Belfast Telegraph

Monday 1 September 2014

New school plans fall victim to budget cuts

North Down schools will have to “live with substandard facilities” after the Education Minister revealed that new school builds will be the main casualty in a bid to save money.

That is the claim of one local councillor who said plans for three new builds in Holywood have been dealt a serious blow following Caitriona Ruane’s vow to shift £41m from the school building capital budget to pay for services and staffing.

Bangor Grammar School — where rebuilding work is due to start by the end of this month — remains upbeat on work going ahead despite the announcement.

But, its headmaster told the Community Telegraph, he wouldn’t be entirely confident “until the diggers are on site”.

In Holywood, Redburn and Holywood Primary Schools were due to merge, while Priory Integrated College was expecting a new building. A new nursery school was also planned for the Holywood PS site.

The education plans are outlined in the department's budget for the period 2011/12 to 2014/15.

The money for school building work was already due to be cut and this decision will double the shortfall next year.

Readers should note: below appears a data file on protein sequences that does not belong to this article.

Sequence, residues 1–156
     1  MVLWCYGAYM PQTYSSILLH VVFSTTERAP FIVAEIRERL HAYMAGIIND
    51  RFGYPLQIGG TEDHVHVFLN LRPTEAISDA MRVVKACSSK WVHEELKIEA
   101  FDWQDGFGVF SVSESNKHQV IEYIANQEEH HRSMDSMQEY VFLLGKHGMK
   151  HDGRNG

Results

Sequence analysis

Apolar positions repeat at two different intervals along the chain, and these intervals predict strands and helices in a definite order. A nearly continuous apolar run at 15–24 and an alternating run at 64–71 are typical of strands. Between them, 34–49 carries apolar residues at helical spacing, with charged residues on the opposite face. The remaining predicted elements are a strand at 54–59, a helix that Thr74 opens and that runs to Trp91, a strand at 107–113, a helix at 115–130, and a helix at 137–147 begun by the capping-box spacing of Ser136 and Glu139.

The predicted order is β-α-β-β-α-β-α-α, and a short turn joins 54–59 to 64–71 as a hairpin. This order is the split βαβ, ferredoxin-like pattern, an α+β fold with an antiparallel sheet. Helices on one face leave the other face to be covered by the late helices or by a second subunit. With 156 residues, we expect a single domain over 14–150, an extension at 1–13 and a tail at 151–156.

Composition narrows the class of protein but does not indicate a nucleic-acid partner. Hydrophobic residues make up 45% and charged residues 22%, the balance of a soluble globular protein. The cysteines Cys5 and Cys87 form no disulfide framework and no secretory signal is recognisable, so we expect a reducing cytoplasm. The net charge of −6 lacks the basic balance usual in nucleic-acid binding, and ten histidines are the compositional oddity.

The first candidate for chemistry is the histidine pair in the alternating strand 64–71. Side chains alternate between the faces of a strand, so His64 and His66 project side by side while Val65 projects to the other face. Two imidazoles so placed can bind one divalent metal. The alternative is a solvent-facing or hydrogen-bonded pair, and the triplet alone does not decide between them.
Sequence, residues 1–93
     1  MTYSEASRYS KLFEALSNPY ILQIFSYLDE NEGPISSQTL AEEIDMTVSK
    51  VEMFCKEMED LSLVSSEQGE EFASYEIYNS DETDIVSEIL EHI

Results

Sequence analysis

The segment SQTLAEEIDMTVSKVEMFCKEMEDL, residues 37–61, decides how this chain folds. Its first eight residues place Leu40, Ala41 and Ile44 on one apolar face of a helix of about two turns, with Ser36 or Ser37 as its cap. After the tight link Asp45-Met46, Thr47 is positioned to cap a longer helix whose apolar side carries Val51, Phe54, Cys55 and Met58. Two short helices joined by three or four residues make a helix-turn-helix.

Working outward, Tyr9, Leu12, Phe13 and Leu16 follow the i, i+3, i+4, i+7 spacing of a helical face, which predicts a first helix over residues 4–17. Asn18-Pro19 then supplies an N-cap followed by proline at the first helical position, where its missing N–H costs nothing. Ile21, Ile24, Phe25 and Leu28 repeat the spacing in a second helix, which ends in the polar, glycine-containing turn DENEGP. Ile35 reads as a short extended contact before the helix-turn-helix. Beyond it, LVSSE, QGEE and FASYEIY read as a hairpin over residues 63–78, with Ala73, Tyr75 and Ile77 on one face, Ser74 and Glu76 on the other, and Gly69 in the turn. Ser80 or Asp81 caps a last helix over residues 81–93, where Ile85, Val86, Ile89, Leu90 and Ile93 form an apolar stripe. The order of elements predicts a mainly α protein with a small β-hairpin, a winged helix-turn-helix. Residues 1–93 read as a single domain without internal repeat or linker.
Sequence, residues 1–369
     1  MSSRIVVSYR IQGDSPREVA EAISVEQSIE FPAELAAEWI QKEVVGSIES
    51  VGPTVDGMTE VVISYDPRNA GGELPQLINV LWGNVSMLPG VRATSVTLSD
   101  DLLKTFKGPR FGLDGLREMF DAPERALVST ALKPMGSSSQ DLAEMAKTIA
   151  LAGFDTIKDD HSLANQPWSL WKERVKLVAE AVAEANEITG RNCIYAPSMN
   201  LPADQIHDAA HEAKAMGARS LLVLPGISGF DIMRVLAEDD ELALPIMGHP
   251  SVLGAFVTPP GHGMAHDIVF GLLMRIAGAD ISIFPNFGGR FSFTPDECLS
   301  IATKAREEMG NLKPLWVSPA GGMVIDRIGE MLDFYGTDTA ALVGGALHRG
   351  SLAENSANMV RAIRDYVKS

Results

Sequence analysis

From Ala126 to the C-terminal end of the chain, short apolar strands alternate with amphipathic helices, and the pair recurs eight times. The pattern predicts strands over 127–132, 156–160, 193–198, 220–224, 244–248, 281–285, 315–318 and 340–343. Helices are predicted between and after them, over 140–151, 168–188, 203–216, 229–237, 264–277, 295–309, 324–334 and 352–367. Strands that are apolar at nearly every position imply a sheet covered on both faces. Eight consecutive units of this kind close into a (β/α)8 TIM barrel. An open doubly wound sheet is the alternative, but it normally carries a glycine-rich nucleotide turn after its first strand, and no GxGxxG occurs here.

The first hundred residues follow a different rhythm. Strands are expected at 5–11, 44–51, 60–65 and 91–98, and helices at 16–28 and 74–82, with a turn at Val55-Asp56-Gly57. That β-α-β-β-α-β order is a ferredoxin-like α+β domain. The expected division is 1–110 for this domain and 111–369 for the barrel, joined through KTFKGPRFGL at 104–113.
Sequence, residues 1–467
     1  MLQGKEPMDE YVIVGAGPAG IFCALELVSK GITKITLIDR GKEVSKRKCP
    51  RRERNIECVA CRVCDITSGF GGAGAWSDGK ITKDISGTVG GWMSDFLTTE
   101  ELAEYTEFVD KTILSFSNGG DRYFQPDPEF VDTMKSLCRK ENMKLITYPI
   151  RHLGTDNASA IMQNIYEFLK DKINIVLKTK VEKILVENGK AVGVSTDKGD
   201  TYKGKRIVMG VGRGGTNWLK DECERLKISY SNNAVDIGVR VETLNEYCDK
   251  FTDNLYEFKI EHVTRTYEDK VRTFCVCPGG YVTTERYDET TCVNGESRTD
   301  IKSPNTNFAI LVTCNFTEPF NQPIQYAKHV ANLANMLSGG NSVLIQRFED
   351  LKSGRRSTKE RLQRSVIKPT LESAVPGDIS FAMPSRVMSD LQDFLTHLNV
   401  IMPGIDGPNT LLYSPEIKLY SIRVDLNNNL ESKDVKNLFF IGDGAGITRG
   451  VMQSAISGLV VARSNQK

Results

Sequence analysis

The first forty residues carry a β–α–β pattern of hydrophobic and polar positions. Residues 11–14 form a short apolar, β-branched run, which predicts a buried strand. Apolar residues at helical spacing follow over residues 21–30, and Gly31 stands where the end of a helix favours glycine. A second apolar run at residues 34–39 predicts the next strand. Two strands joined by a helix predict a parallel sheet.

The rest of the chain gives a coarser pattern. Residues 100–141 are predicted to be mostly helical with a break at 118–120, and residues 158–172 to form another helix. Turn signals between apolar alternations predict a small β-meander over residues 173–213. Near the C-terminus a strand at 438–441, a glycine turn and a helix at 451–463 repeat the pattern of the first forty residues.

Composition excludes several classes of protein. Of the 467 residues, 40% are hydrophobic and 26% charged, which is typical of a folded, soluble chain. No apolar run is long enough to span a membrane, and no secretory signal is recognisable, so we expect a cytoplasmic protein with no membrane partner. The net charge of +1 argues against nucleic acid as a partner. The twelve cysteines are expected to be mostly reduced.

The minister’s announcement this week is a “setback”, claims North Down DUP councillor Gordon Dunne.

“Plans were at a very advanced stage , funding was the last piece of the jigsaw, so this is obviously a blow,” he said. People are very disappointed, because staff and pupils alike are going to have to make do with substandard facilities.

“Priory College, for example, has extremely poor conditions, as do all the schools.”

The councillor urged the minister to apply funding fairly across all areas of education and emphasised that she should “provide Holywood with new school provision”.

Mr Dunne’s party colleague Peter Weir said the announcement was “deeply disturbing”.

“This is obviously very concerning for capital projects in North Down, namely the new build at Bangor Grammar and the four schools project in Holywood. The minister has taken the highly unusual steps of shifting capital spend to current spend, at a time when other departments are doing the reverse.

“I am not sure this is a wise move, made all the more problematical by the high-handed unilateral actions of the Coalition Government in London who without warning have removed about £300m of capital from the Northern Ireland budget.”

“It is imperative that the Education Minister immediately clarifies the implications if any, for schools that are due to be part of major capital projects.

Caitriona Ruane said she had chosen to transfer money from the capital budget to “minimise the impacts in the classroom”.

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